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The links between musical rhythm and grammar

There is a correlation between a child's ability to understand grammar rules and his ability to distinguish musical rhythms. This is shown by a study carried out in the United States.

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There is a correlation between a child's ability to understand grammar rules and his ability to distinguish musical rhythms. This is shown by a study carried out in the United States.

The study was carried out by Reyna Gordon, professor at Vanderbilt Kennedy Center. She tested 25 six-year-old children for musical recognition. The test consisted of making them hear different versions of melodies. The children were asked to indicate whether the melodies were different or the same. A similar exercise was then carried out, this time with video animations.

For the grammar component, various photos were presented to the children, who had to answer questions. The teacher used indicators to assess the participants' grammar, such as their ability to formulate correctly in the past tense.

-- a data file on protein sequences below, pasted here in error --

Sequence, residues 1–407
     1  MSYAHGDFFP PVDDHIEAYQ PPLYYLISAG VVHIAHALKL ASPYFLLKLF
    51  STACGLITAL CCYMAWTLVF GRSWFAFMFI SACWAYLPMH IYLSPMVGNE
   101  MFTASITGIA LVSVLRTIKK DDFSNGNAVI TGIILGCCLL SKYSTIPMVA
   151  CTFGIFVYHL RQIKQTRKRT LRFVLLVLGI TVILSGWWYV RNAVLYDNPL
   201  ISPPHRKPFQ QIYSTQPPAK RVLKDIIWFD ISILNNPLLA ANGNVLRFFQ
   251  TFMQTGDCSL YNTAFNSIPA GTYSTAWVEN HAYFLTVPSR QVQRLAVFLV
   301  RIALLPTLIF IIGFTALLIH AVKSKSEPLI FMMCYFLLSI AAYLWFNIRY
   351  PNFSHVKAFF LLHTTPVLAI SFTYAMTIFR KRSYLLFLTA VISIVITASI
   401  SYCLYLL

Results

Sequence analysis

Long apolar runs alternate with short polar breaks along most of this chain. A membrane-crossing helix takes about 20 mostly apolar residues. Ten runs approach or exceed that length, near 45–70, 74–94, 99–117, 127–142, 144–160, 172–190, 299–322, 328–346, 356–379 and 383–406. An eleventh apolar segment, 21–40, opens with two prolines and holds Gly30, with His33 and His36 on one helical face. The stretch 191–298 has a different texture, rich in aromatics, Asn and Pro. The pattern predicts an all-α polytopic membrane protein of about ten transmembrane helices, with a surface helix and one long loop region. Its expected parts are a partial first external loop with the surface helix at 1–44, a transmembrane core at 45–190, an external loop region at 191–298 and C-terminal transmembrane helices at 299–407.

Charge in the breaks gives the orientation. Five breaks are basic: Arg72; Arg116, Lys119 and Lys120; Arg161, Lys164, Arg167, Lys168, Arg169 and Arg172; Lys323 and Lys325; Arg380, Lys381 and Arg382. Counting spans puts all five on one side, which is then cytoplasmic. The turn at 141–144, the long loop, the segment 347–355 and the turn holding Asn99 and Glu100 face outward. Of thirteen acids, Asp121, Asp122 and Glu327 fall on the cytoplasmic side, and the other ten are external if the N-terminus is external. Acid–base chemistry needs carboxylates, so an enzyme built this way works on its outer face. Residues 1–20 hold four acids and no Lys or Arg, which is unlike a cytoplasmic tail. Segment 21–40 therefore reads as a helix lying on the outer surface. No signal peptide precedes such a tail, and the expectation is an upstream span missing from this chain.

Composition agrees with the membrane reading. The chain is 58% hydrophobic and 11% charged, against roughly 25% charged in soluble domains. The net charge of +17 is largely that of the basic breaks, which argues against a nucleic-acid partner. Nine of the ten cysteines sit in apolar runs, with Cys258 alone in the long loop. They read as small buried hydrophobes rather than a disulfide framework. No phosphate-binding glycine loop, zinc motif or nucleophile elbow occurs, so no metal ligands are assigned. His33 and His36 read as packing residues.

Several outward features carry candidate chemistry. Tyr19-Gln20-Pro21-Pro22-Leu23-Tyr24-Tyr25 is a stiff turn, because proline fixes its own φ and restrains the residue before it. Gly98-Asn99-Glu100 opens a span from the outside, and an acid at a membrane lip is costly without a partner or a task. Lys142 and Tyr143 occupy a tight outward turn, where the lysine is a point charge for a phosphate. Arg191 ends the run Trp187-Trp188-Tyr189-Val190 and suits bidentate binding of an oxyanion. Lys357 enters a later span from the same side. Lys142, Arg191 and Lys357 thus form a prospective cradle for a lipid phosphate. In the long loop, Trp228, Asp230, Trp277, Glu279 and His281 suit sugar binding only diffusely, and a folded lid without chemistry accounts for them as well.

At the end of thestudy, Gordon concludes that children who performed well in the musical rhythm portion also performed well in the grammar portion. She made sure that there were no biases, such as different intelligence quotients, divergent socioeconomic origins or more pronounced musical knowledge.

For Gordon, musical rhythm and grammar share similar characteristics, which could explain the results of this study. Grammar would require the transposition of sounds into sentences, structures and sequences. For its part, the musical rhythm would require the same thing, but a little vice versa. It would require the development of a sequence and a structure in order to produce an adequate rhythm.

A researcher of her time, Gordon published a video summarizing the main lines of his study.

Although more studies will be needed to deepen these links, Gordon believes these results are promising. For example, musical rhythm recognition tests could become interesting assessment and screening tools to identify grammatical gaps. According to her, this is the first study of its kind to link the ability to recognize musical rhythms and grammar skills.

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About the Author

Dominic Leblanc
Dominic leblanc
A graduate in sociology, Dominic Leblanc is an educational advisor in the Programs and Educational Development Department of the Cégep régional de Lanaudière in L'Assomption.

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